Book Review: Tracing your War of 1812 Ancestors, 200th Anniversary Special Edition Magazine

Prepared by Gena Philibert-Ortega.

Since this is the 200th anniversary of the War of 1812 it seems like a good time to learn more about researching the War, its veterans, and the documents the conflict left behind. With the special edition magazine "Tracing Your War of 1812 Ancestors," from the publishers of Family Chronicle magazine, you can begin to research your War of 1812 veteran.

This special edition will appeal to a wide range of researchers: it includes resources for USA, Canadian and British research. Articles cover the history of the war to the sources themselves. The table of contents includes:

War of 1812: An Introduction

US Government Records

Canadian War of 1812 Records

British War of 1812 Records

US Army Records

United States marines

Naval Records

Prize Money: Spoils of War

Militia Service

Bounty Land Warrants

Cemetery Records

Impressment

Pensions

Privateer & Naval Pensions

Newspapers: Breaking News

Prisoners of War

Last Survivors

Aside from learning more about the War of 1812, I was especially interested in the articles on pensions, impressment, and prize money; there are some interesting historical facts to be learned in this work. A recent blog posting told of the death of the last Revolutionary War widow (who received a pension based on her husband's service) in 1906. In the article on last survivors, "Tracing Your War of 1812 Ancestors" documents that in 1912, 238 War of 1812 widows could be found on the pension rolls. The last known widow of a War of 1812 soldier died in 1938 (page 82).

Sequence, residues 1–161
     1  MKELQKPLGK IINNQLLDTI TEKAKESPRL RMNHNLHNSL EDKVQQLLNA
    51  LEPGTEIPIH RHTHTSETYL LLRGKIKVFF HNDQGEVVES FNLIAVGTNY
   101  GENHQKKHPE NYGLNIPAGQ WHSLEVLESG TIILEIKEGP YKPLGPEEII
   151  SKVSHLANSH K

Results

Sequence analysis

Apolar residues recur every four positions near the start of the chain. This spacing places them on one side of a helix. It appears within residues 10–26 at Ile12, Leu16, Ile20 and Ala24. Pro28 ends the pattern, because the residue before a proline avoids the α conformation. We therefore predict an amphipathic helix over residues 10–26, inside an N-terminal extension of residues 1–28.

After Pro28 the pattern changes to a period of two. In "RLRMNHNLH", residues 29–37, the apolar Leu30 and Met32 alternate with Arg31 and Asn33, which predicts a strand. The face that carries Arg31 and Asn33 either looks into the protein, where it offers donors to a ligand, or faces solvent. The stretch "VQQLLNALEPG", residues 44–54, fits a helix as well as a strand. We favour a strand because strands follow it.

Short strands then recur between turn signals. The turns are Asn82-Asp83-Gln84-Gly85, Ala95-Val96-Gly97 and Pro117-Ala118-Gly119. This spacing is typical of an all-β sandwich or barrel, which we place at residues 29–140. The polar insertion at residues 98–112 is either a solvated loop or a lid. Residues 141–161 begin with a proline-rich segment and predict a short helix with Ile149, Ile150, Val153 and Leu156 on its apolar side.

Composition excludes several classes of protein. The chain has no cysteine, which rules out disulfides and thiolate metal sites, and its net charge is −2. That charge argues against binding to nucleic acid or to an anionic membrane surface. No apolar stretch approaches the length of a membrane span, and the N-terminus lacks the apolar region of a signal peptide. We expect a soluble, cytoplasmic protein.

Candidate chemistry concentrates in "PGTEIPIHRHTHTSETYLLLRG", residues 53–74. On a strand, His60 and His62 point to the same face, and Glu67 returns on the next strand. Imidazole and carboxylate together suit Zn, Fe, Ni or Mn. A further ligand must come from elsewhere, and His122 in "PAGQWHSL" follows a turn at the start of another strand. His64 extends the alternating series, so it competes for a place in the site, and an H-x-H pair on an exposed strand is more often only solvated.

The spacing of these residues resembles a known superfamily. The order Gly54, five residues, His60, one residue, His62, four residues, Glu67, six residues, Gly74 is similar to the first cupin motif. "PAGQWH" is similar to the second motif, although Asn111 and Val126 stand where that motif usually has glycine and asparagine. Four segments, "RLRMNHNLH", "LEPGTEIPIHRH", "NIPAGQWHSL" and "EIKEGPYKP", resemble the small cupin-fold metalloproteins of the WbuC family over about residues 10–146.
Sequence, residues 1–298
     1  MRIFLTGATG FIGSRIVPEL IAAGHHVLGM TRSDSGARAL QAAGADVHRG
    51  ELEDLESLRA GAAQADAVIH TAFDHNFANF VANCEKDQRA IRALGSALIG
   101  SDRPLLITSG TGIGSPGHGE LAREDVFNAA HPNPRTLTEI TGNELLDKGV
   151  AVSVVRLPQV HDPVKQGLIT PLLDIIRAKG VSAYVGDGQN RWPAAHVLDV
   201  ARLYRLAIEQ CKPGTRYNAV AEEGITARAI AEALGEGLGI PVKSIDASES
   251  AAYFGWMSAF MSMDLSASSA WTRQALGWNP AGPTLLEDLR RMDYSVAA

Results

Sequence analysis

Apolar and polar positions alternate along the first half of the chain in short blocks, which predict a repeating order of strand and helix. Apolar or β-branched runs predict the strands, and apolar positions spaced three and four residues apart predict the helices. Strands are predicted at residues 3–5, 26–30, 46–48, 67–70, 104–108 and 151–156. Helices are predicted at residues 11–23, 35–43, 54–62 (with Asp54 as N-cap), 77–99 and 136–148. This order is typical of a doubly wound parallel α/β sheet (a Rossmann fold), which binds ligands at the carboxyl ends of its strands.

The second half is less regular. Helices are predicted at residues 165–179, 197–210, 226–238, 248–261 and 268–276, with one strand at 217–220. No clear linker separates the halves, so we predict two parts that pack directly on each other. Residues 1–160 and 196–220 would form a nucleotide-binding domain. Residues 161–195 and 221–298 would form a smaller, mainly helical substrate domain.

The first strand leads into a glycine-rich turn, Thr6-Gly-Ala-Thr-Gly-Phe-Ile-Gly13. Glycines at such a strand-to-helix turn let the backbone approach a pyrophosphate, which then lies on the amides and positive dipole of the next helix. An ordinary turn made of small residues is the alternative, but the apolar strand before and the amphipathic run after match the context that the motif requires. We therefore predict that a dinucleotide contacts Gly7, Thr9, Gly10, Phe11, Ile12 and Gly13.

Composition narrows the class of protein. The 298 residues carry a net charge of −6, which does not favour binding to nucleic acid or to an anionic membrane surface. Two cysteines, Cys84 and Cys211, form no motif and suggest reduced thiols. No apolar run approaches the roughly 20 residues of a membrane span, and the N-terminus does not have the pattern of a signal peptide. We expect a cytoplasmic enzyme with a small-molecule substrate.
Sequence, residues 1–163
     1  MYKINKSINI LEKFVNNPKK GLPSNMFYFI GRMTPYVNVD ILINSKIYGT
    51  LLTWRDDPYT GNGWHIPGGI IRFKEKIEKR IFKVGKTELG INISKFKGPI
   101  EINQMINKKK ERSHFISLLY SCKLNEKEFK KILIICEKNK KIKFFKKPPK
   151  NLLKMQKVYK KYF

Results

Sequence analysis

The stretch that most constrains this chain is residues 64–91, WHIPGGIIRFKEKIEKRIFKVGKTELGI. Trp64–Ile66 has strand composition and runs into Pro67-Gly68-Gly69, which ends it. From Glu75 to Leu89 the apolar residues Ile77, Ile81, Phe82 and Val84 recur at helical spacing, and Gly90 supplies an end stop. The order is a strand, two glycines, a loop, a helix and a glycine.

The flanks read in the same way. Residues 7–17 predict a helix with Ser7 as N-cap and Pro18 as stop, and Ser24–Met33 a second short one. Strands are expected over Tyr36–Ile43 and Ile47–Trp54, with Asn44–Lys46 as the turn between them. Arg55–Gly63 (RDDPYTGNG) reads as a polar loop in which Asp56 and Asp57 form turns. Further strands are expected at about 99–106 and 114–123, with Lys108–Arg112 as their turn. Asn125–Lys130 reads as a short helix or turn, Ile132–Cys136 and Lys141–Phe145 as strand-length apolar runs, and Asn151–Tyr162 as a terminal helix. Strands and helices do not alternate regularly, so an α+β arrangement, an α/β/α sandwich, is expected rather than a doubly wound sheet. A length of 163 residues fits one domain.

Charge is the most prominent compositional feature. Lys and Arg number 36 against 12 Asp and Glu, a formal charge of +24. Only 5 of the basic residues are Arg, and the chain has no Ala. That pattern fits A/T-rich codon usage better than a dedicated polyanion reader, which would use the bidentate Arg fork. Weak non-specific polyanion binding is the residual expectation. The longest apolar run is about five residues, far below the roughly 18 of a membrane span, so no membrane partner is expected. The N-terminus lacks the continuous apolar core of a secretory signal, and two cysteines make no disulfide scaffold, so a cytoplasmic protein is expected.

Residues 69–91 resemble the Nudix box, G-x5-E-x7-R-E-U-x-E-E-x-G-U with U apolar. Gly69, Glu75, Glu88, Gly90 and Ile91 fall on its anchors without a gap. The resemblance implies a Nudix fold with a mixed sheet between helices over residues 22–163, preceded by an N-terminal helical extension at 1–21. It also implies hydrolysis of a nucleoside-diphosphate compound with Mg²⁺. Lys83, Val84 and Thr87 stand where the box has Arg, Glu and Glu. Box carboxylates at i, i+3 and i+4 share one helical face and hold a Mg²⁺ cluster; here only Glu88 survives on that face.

A five-page chronology of the War of 1812 that begins with a timeline starting in 1798 will help readers not only understand what went on during the war (the timeline ends with June 30, 1815) but what led up to the conflict. Genealogists are probably familiar with the recent efforts to digitize this war's pension records. This magazine includes information about these pensions as well as other veteran benefits such as soldiers' homes. Not only were there soldiers' home for those who were disabled and infirmed but there were also war widows' homes.

In my opinion, one of the benefits of these special edition magazines is that they focus on a subject and give you the information you need for your research without having to spend too much time researching the topic itself. These magazines help you to learn what you need so you can get down to researching your ancestor.

There aren't many resources for learning more about sources for tracing War of 1812 ancestors. This work fills in a much needed gap and helps researchers learn to identify what sources exist, no matter what side of the conflict they were on. This magazine is available from some booksellers as well as from the publisher's website.

Disclaimer: I received a copy of "Tracing Your War of 1812 Ancestors" for free from the publisher. I also write for this publisher's magazines "Family Chronicle" and "Internet Genealogy."

Tracing Your 1812 Ancestors, complied by David Norris. From the Publishers of Family Chronicle, Internet Genealogy and History Magazine. (2012)

<< Genealogy Book Reviews

click to view original photo